Markets & Finance

When the Chips Are Down


By Thomas W. Smith, CFA Times have been tough for semiconductor-sector investors recently. A multi-year recovery for worldwide chip sales began in the first quarter of this year, but, since then, the group has been hitting a few bumps as demand for PCs has turned out to be weaker than expected.

The trouble started in early June, when Intel posted a mid-quarter update that lowered guidance for revenue and, more importantly, gross margin for the June quarter. Intel cited weaker than expected PC demand in Europe. However, the world's largest chipmaker remained optimistic about seeing typical seasonal strength in the second half of 2002. It has launched a major advertising campaign, perhaps to spread optimism and stem the fall in its shares. This week, Intel stock touched a new 52-week low of $17.45 before recovering to around $18.70, down from around $28 a few weeks ago.

We at S&P still think Intel's sales can run higher in the second half of 2002 than the first half, but we see the chances for strong upside surprise in PC demand as being now more limited. We rank Intel (INTC) as avoid (2 STARS), meaning we believe the shares will moderately underperform the market over the next 6 months to 12 months.

THE LATEST BOMB. Besides the question of PC demand, tough price competition with rival microprocessor-maker Advanced Micro Devices (AMD

; ranked 2 STARS) may limit profits. In turn, analysts' estimates are still coming down. Over the long-haul, though, Intel will be helped by its size advantages in production, along with its outstanding research.

AMD's midquarter update was the next bomb to drop in the warnings season for PC-oriented chipmakers. AMD surprised the Street by lowering revenue guidance way below its previous range. Management talked about weak PC demand not just in Europe, but also in North America. They confirmed the notion put forth by Intel that component-buying for back-to-school computer building, which normally begins the last week of May, was weak. This implies that the back-to-school sales season might run weak, which would dampen estimates for the September quarter results.

However, it also might be just a reflection of the chip cycle. We still are in the early stages of the expansion, when lead times for fulfillment of orders is quite short. So, if a computer maker wants components from Intel or AMD, the parts are readily available within days. As the cycle runs toward its middle stage -- maybe this autumn or next year -- lead times will lengthen so that orders will have to be made weeks in advance of customers' need for delivery. There's still some possibility that back-to-school orders will be larger than expected if customers are just putting off their orders until the last minute, meaning late June and July.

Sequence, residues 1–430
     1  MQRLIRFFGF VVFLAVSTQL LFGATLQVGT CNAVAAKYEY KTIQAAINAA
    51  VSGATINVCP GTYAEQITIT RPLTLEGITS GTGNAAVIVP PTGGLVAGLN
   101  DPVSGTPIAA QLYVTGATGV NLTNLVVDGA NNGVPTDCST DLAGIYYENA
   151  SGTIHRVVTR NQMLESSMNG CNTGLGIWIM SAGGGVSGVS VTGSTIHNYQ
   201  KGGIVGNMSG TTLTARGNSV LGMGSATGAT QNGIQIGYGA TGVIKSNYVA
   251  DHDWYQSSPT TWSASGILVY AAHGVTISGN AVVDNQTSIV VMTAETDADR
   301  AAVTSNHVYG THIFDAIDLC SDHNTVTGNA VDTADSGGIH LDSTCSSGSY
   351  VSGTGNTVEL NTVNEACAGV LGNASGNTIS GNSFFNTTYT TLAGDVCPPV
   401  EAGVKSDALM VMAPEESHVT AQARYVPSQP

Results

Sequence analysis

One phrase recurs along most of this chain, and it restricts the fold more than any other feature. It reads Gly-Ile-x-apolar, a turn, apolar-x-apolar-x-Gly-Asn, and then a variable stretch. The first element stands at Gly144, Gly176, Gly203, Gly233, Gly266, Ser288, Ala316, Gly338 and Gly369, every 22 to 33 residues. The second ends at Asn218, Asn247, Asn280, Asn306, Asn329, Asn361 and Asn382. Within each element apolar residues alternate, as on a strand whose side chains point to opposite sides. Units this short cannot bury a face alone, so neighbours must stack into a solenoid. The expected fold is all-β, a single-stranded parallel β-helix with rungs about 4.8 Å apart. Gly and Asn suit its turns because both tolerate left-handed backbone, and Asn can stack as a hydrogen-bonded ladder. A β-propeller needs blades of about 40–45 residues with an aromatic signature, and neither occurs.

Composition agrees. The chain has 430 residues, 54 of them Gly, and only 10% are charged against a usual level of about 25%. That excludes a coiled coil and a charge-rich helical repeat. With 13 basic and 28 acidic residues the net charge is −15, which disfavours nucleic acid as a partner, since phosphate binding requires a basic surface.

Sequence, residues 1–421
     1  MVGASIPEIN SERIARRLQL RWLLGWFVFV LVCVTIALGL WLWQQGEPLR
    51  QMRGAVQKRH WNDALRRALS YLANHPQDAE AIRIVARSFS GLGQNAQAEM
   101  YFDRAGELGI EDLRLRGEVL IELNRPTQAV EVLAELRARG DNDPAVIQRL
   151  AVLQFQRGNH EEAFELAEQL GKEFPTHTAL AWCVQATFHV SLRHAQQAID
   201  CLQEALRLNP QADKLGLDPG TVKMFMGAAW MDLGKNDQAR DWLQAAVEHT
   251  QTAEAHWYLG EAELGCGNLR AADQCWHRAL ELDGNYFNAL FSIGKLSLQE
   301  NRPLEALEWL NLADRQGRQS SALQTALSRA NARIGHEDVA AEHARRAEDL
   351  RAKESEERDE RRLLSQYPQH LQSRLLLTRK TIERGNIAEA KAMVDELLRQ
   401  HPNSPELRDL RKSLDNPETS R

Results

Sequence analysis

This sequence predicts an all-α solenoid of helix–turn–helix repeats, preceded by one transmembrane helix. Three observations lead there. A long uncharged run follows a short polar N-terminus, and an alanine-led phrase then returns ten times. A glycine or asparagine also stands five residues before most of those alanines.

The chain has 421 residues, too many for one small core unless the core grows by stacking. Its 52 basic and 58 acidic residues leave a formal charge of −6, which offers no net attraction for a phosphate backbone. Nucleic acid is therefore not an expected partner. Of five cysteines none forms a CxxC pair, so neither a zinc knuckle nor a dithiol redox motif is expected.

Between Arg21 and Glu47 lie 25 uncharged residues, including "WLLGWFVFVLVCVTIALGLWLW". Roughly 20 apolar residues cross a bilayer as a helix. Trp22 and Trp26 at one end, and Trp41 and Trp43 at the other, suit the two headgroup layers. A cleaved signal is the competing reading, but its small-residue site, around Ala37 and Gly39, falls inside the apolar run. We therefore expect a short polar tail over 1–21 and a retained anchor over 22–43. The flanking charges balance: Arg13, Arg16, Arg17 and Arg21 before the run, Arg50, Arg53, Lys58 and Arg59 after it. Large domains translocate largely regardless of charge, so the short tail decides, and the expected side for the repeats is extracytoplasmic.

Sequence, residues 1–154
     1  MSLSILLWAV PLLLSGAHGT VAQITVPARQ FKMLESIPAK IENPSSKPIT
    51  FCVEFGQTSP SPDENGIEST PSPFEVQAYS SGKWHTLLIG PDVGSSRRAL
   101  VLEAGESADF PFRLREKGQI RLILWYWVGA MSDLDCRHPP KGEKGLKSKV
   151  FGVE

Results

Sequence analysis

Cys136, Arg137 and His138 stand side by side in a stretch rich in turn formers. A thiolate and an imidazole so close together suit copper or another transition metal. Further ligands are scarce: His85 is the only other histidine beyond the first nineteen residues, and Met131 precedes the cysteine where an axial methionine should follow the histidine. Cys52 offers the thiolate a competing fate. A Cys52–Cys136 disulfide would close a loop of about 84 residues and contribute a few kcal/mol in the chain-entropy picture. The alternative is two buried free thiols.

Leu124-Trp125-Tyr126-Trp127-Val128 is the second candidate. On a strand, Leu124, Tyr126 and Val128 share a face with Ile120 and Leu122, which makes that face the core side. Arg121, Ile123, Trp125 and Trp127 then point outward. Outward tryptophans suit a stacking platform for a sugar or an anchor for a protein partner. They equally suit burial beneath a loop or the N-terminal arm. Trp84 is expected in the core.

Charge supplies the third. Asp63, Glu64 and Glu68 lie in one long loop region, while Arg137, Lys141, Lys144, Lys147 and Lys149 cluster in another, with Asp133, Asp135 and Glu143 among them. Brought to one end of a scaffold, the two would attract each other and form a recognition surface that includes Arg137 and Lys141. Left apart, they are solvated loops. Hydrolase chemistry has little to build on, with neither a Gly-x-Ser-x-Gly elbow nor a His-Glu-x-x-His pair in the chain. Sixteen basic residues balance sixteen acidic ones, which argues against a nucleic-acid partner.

SUBPOENAS SENT. Another voice confirming slow PC demand came from Micron Technology (MU

; 2 STARS) on June 25. Micron said less memory was being sold per computer -- which is largely a result of high DRAM (dynamic access random memory) chip prices. But now that DRAM prices have dropped, the trend toward using more memory per box is on the rise.

Among the drivers for the use of more memory are Intel's Pentium 4 processor and Microsoft's Windows XP operating system, which work better with 256 megabit (mb) memory configurations. The 256mb chips will likely replace the 128mb standard by yearend 2002. All the same, Micron saw its total inventory rise during the May quarter, which is troubling. Still, things might work out O.K. -- if demand is strong through the summer.

Another negative for Micron is the investigation of the DRAM industry by the Justice Dept., which is likely looking into antitrust violations. Subpoenas for information went out to all the top DRAM makers, but it's unclear what investigators will find or what they will do. For now, we view the investigation as a minor factor in the Micron story.

NO DRAM DROUGHT. For Micron, the biggest problem may be industry overcapacity in DRAM. Even though many small competitors worldwide have left the segment over the past five years, and many Japanese makers have curtailed their DRAM operations, there's still plenty of supply.

Micron wanted to level the field with its plan to acquire Hynix -- the third largest DRAM producer behind Samsung and Micron. But the deal failed in May because of opposition from Hynix' unions and various political powers in South Korea. Now Hynix, which was propped up by a new arrangement with creditors after losing a lot of money in 2001, might never be sold.

With the Hynix factories still running, supply of DRAM looks ample for the time being. This contributes to low pricing for DRAM chips, causing Micron and other industry participants to face a challenging profit picture.

TWO STOCKS TO WATCH. While PC-oriented chipmakers have turned sour for the moment, investors may take heart in upbeat midquarter reports from chipmakers tareting much broader end-markets for simpler chips. This would include so-called discrete semiconductors (chips that perform a single task), power-management chips, analog chips, and microcontrollers.

Our favorites at S&P include buy-ranked (5 STARS) Microchip Technology (MCHP) and Fairchild Semiconductor (FCS). (For more, see BW Online, 5/10/02, "Integrating Chips into Your Portfolio".)

Stocks we rank accumulate (4 STARS) include analog chipmakers Texas Instruments (TXN), Linear Technology (LLTC), Maxim Integrated Products (MXIM), and Analog Devices (ADI). Analyst Smith follows semiconductor stocks for Standard & Poor's


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